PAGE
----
Stuck in the middle with them

It’s Spurs at home on Sunday afternoon.

In between two games against one of the most successful and best-known clubs in history is this fixture against an even bigger, better, greater and more successful outfit. Ladies and gentlemen, doff your caps and tug your forelocks to greet the arrival of the Tottenham Hotspur Football Club to our unworthy home.

When Spurs are doing well it’s because they’re one of the greats, with a long tradition of exciting, wonderful football. When they don’t win anything again it’s because they’re all Spursy, isn’t that typical eh and anyway, winning is a bit vulgar and beneath them. But still they get more luvvie attention than any club with their history have got a right to expect. One trophy this century (equal with Wigan), two league titles ever (less that Huddersfield), once runners-up in the past sixty years (less than us). Awe-inspiring.

This season they’ve only been stopped from running away with the league because of an injury crisis that at one time threatened to overwhelm BUPA. At one point Spurs were the only club to ever have players out. We, on the other hand, are only where we are because we’ve been lucky enough not to have anyone out and if we have nothing’s been said so that proves it can’t have happened.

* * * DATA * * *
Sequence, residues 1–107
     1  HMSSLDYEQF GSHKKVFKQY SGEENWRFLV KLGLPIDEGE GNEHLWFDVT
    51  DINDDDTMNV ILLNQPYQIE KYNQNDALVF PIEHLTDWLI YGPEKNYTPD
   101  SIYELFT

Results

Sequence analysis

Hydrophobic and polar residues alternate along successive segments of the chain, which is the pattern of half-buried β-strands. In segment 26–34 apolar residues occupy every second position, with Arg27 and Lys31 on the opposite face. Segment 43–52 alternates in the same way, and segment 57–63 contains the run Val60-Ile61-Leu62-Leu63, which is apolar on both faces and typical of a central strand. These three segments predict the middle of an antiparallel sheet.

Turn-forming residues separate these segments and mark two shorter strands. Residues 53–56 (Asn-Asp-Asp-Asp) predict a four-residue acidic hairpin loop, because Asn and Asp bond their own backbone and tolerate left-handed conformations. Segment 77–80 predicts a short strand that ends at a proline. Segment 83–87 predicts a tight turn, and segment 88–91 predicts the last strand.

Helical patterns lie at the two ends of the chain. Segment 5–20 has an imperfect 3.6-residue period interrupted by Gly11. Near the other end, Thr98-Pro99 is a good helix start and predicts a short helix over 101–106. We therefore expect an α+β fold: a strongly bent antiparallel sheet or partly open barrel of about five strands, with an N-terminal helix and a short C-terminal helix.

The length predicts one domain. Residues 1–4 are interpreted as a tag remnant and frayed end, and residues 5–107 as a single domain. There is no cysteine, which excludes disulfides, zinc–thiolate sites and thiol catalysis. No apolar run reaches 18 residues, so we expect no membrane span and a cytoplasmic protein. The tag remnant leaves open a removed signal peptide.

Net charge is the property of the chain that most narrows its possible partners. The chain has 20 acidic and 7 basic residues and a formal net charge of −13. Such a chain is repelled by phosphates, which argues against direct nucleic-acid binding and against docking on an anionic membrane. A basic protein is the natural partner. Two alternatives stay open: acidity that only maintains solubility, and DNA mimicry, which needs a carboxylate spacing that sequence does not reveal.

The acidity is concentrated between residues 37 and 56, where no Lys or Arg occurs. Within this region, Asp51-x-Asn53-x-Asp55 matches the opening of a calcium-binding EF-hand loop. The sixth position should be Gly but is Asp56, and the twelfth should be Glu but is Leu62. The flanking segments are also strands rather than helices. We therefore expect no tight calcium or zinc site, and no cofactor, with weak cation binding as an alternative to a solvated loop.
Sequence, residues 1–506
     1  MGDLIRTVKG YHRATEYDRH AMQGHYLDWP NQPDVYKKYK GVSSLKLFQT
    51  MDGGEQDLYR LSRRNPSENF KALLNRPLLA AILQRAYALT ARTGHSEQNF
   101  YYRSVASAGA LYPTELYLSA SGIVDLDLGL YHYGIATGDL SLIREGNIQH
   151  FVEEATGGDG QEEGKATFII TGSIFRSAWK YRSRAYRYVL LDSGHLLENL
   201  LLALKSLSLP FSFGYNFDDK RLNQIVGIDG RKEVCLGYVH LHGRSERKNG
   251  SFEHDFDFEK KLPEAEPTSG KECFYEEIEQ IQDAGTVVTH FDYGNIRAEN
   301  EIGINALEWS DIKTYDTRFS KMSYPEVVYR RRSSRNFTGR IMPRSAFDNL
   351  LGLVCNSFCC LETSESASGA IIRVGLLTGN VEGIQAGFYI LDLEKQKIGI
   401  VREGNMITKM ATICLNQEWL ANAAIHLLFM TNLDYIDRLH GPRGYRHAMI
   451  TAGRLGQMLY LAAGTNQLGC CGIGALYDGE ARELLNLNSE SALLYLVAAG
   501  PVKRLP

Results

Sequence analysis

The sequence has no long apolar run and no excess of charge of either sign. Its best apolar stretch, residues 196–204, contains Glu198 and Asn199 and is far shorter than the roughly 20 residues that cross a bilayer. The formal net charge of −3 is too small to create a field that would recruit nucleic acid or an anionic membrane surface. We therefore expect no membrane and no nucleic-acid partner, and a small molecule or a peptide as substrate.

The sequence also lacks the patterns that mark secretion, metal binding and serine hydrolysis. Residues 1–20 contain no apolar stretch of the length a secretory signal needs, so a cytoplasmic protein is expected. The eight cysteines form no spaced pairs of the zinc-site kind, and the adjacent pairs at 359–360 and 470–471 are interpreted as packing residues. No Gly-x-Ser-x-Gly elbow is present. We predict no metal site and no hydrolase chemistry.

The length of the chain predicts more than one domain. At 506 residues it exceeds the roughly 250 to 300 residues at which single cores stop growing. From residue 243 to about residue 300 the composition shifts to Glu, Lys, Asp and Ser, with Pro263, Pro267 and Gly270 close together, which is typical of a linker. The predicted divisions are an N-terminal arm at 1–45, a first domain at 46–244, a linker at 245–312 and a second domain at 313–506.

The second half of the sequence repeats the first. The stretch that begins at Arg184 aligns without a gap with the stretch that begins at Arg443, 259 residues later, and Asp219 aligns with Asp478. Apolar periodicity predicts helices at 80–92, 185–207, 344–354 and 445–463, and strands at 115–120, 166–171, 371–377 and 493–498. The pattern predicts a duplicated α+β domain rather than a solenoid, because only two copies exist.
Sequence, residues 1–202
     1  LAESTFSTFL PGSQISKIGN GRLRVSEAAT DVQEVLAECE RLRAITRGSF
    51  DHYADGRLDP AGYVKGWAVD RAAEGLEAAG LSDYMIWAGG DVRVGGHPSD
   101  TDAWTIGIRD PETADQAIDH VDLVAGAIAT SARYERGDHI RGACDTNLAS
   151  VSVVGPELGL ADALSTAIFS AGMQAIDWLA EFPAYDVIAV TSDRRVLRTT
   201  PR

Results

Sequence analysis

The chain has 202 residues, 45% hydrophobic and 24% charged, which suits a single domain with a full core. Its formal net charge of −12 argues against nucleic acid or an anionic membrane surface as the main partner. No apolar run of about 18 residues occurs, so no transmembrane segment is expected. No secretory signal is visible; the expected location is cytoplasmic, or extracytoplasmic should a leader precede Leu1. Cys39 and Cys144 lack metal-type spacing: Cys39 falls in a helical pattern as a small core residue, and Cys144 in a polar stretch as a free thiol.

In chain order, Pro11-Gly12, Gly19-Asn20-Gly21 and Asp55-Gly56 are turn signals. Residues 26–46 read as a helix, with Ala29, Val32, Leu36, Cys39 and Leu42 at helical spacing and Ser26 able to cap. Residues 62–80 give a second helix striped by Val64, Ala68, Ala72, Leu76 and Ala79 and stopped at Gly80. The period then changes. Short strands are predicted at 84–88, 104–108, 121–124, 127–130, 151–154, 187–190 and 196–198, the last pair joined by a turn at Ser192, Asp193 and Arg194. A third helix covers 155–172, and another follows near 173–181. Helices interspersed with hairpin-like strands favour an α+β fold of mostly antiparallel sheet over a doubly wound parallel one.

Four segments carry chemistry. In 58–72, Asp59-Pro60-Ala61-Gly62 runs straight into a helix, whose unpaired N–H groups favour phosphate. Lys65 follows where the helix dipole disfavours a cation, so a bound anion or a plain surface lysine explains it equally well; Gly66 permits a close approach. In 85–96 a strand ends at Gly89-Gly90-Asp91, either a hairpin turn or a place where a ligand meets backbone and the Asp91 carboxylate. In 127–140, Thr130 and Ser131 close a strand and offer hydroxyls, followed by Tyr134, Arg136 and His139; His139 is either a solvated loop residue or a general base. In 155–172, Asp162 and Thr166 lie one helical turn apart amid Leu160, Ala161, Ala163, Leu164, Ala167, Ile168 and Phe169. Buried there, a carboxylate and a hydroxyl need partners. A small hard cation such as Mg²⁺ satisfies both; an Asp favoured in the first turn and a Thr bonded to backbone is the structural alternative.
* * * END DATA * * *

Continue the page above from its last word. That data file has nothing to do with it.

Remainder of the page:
Years ago Spurs were owned and run by a collection of spivs and chancers such as YesLord Sugar, Terry Venables and him that owned Easyjet. Now it’s a family trust that almost certainly pays their fair share of tax and running the show is Daniel Levy, a man admired throughout football for his hard bargaining and ability to not pay more than the going rate, or indeed not pay at all when he offers sixpence and a goldfish in a plastic bag for a generational talent. We’re operating on the eighties nightclub one in, one out principle when it comes to injuries and team selection.

The daft thing is that this game probably is more important that the Ajax tie. Win it and we can almost reach out and touch fourth place, which is more important these days than any number of trophies. I still haven’t forgiven Steve Perryman.